Western Australia will take its time handing direct control of more than 20 million hectares of land to remote Indigenous communities to ensure the plan delivers sustainable economic opportunities.
The Western Australian Government confirmed it is drafting legislation to accelerate handover of the land from the Aboriginal Lands Trust to 142 remote communities, where 12,000 Indigenous people live.
The move would smooth the transition for Indigenous enterprise and home ownership and help avoid restrictive land tenure rules that have stymied their growth and blocked Aboriginal people from home ownership for more than 50 years.
Land tenure change for remote Aboriginal communities has been a long-standing bipartisan policy across successive governments since the 1990s, but WA wants to simplify the process to aid Indigenous people with home ownership, employment and enterprise.
WA Liberal MP Neil Thomson, who ran the Aboriginal Lands Trust when he was a public servant, told The Australian there were enough remote communities near mainstrean economies for the reforms to benefit Indigenous people.
But Traditional Owner groups would need to develop local economies, a labour force strategy, attract investment and enter home ownership agreements for the plan to be sustainable.
"What we have is a lot of ministers relying so heavily on public servants who are risk averse ... and unwilling to give things a go," Mr Thomson said.
"This is an environment in which we need to try different things and see what works."
Northern Australia Minister, Madeleine King recently urged a fund be established from mining and resources projects to invest in remote Indigenous housing, with residents making long-term lease payments that deliver a profit to the Northern Australia Infrastructure Facility.
Recent divestment of some ALT land to Traditional Owners in WA from both sides of government has greatly benefited Indigenous communities and businesses.
In 2022, the famous Kimberley tourism precinct at El Questro was returned to Wilinggin Aboriginal Corporation, whose new Indigenous Land Use Agreement with the WA government secured it a nature reserve and freehold title over 165,000 hectares.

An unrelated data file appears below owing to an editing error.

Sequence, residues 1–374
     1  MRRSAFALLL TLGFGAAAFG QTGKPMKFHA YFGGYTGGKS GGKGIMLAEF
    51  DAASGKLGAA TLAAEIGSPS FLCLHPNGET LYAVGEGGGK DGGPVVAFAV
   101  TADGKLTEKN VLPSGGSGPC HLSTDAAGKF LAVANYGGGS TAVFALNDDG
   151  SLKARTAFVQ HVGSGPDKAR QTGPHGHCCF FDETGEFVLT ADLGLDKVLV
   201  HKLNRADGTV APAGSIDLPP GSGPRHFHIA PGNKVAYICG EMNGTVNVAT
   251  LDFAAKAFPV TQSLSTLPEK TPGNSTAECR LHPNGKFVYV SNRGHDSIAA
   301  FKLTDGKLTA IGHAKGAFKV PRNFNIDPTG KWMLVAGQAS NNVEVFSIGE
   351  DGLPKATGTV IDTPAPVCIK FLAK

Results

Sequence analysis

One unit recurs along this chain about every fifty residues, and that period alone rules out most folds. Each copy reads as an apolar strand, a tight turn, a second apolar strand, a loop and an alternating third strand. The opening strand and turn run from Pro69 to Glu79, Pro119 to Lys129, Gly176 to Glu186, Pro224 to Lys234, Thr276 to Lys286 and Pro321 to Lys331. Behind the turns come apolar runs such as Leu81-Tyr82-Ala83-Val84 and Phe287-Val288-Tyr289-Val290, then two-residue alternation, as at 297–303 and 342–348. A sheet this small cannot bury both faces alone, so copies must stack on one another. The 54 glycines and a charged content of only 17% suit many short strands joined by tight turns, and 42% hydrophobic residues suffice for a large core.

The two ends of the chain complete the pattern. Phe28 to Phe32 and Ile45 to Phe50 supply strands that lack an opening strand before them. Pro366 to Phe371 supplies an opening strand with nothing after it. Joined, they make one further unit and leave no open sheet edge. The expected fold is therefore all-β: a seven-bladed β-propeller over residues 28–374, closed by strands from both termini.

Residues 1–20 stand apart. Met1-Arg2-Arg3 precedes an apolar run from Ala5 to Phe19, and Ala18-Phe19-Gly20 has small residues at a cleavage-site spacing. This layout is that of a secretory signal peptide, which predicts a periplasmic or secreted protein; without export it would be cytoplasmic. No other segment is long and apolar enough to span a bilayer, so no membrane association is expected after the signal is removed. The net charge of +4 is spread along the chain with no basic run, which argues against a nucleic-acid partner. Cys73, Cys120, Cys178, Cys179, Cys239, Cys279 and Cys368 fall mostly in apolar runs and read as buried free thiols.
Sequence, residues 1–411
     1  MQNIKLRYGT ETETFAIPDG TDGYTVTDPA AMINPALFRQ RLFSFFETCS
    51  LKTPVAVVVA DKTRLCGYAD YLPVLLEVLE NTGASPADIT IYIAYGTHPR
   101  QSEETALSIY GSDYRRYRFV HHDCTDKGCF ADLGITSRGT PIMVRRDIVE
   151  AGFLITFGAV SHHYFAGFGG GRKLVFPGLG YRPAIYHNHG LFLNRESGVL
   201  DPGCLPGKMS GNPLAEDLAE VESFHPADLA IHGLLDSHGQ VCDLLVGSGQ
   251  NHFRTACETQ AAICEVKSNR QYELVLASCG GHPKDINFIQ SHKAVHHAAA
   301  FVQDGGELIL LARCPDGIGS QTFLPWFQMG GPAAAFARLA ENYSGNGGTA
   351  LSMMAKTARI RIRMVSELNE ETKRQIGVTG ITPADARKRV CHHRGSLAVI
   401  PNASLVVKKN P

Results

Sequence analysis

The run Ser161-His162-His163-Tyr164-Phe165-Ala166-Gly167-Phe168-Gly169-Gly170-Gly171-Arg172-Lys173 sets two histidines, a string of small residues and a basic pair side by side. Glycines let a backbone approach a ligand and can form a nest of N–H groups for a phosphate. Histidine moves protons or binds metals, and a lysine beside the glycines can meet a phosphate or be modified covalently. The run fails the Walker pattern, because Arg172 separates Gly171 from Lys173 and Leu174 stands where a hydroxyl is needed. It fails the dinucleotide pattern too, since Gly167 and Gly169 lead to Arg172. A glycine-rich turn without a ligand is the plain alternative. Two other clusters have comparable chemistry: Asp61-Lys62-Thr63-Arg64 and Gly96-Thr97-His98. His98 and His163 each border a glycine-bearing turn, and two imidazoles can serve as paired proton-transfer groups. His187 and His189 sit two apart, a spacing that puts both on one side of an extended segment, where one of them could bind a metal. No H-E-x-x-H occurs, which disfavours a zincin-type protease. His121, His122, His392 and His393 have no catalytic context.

That allowed Traditional Owners to divest the station of cattle and lease the freehold portion for 99 years to the previous pastoral lessee, G'day Group, who bought the property in 2021 and said the new WAC lease would open more opportunities to expand and invest than the restrictive pastoral lease.
WAC chair, Arnold Sahanna said at the time the agreement would ensure a sustainable economic base for the Ngarinyin people.
"This is a solid achievement and we hope our young people will see it as a way forward for our community to regain a place at the table of decision making," he said.
Negotiations between WAC and the WA government to transfer the land had been "complex" and taken 18 months, a timeframe WA Labor wants shortened to help accelerate the "economic and social transformation of Aboriginal communities".
"We have seen the positive impacts of land tenure change in places like El Questro in the Kimberley, which has unlocked significant social and economic opportunities," a WA government spokesman told National Indigenous Times this week.
"It is an extremely complex process, and we expect that it will take a very long time to do this.
"No legislative change will happen this year. Consultation is ongoing, and we are looking forward to working closely with the community."
In 2014 the WA Liberal government handed 73 hectares of historically important land held under the ALT to the Bidan community in west Kimberley, with Traditional Owners using the land for tourism and other business ventures.
The WA Government is also considering how other trust lands could be transferred via existing laws, so other Indigenous communities across the state can develop business ventures and attract economic investment.